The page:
Delivering virtual speech language pathology to school children in the Western Downs

Mrs Ruth Taylor1, A/Prof Anthony Smith2, Dr Liam Caffery3, Dr Danette Langbecker4

 

1 University of Queensland, Centre for Online Health, Ground floor, Building 33, Princess Alexandra Hospital, Ipswich Road, Woolloongabba, 4102. r.saunders4@uq.edu.au

2 University of Queensland, Centre for Online Health, Ground floor, Building 33, Princess Alexandra Hospital, Ipswich Road, Woolloongabba, 4102. asmith@uq.edu.au

3 University of Queensland, Centre for Online Health, Ground floor, Building 33, Princess Alexandra Hospital, Ipswich Road, Woolloongabba, 4102. l.caffery@uq.edu.au

4 University of Queensland, Centre for Online Health, Ground floor, Building 33, Princess Alexandra Hospital, Ipswich Road, Woolloongabba, 4102

 

How does a speech pathologist support a rural child without ever setting foot in their town? Families throughout the Western Downs in Queensland are finding out through a project introduced by the University of Queensland (UQ). In the latest development of the UQ Health-e-Regions program, five schools have been connected by videoconference to health professionals in Brisbane. Through the Health-e-Regions experience program, supported by natural gas company QGC, children living in the Western Downs who require speech language pathology (SLP), may now access these specialist services without leaving the familiar surroundings of their school.

The program was piloted last year with the Tara Shire State College and is now being implemented into a further four schools in Tara, Chinchilla, Miles and Wandoan. A collaborative effort between the Department of Education and Training (DET), Diocese of Toowoomba: Catholic Schools Office (TCSO), UQ’s Centre for Online Health and UQ’s Tele-Rehabilitation Unit, the program is also piloting occupational therapy via Telehealth.

The Health-e-Regions telehealth program is designed to complement the SLP services already provided to students from DET and TCSO. School children are selected for the program based upon need and assessments conducted by the teachers and DET/TCSO speech language pathologists. Third and fourth year students from UQ, supervised by a clinical educator, provide the service from Brisbane as part of their clinical rotation. The school students receive weekly sessions ‘virtually’ using an iPad and specialised software which enables interaction in other ways such as drawing on the screen and manipulating digital images used during the therapy session.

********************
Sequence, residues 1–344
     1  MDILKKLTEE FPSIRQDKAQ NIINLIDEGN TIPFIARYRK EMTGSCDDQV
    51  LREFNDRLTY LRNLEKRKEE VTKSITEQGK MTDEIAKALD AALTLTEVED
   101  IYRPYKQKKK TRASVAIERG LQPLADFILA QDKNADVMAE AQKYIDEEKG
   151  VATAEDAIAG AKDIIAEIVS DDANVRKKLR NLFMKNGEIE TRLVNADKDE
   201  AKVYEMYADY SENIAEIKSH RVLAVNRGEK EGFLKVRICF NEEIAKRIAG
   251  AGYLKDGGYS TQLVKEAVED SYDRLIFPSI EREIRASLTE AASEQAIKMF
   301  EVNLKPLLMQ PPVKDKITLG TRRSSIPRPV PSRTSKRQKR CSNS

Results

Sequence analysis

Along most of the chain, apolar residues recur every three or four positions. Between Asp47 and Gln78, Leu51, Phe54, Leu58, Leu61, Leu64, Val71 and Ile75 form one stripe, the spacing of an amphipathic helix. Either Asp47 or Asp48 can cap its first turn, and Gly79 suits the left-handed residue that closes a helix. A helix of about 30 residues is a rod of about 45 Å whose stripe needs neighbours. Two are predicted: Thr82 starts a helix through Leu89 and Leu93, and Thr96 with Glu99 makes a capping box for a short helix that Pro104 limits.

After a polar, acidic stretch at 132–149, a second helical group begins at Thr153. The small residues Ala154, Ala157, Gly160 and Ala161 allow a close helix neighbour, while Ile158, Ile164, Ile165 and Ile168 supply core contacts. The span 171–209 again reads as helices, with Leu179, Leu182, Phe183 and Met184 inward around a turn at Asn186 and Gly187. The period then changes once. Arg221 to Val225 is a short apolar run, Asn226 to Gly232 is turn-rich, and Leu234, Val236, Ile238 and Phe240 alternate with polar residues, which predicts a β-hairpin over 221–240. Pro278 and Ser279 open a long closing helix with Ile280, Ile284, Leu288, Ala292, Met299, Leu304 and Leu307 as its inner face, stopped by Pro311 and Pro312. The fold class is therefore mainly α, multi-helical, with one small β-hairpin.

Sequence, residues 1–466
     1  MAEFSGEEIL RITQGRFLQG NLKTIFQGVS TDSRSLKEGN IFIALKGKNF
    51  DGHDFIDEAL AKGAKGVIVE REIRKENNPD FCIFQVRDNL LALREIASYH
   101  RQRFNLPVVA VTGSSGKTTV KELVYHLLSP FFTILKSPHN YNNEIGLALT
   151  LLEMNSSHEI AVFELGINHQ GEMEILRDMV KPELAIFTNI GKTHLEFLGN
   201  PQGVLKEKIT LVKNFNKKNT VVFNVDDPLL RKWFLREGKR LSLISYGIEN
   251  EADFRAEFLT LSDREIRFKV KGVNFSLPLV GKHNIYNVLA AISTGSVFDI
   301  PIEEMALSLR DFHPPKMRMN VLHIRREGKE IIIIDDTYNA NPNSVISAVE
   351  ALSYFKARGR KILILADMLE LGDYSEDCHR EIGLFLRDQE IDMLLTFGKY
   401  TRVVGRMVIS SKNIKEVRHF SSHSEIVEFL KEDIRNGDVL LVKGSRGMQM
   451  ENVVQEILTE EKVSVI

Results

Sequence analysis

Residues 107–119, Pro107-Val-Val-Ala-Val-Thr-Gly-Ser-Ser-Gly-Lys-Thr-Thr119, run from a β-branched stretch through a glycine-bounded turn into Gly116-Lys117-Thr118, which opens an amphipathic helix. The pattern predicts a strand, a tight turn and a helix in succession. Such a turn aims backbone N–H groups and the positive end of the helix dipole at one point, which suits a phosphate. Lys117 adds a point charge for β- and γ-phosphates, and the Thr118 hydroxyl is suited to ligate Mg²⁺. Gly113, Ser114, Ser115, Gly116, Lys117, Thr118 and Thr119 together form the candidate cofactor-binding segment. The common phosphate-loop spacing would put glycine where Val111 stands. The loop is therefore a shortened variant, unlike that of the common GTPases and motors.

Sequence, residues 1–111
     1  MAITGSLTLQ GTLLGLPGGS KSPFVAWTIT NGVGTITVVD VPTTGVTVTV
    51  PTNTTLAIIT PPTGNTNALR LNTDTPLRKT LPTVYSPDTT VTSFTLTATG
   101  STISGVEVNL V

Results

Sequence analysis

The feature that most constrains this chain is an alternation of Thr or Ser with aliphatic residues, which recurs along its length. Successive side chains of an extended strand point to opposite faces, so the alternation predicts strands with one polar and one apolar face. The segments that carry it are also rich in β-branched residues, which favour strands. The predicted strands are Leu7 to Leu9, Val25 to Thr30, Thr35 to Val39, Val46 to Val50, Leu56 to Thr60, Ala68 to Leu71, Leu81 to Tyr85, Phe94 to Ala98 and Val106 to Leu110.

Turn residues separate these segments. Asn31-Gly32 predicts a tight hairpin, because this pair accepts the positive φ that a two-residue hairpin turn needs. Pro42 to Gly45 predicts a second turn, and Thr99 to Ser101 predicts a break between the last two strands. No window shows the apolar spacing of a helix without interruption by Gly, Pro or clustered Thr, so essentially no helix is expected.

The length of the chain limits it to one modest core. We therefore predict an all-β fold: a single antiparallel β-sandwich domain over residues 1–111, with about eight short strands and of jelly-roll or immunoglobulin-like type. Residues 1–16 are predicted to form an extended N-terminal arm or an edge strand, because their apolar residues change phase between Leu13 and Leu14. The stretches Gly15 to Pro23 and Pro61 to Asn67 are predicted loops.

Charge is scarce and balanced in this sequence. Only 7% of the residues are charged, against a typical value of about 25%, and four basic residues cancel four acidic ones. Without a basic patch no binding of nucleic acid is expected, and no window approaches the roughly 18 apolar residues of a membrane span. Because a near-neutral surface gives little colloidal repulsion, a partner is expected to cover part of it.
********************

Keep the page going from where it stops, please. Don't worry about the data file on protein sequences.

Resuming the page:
When a child’s speech and language development is delayed and they cannot be understood during a conversation, they may become reluctant to speak and resort to communicating in other ways.  This can include disruptive behaviour, withdrawal or poor participation in class. Some children simply don’t have the vocabulary needed to learn.

In the context of a busy school and classroom environment, students benefit from individual learning opportunities and support.  The telehealth program with its motivating and interactive learning platform allows positive individualised learning experiences, and an opportunity to make a real difference for students.

A further advantage for the school is the ability to develop teacher capacity. Teaching staff are also receiving support and professional development sessions to increase their knowledge and skills, which are then translatable in the classroom.

As the sessions are delivered by SLP students, they too are increasing knowledge and skills that will soon be translated into the workforce when they graduate in the future with additional experience in alternative health delivery methods.

The program will allow schools to expand the services available and to better cater for the needs of the students. It is hoped that the positive experiences associated with the telehealth program already may be shared with other schools throughout the country where access to specialist services are limited.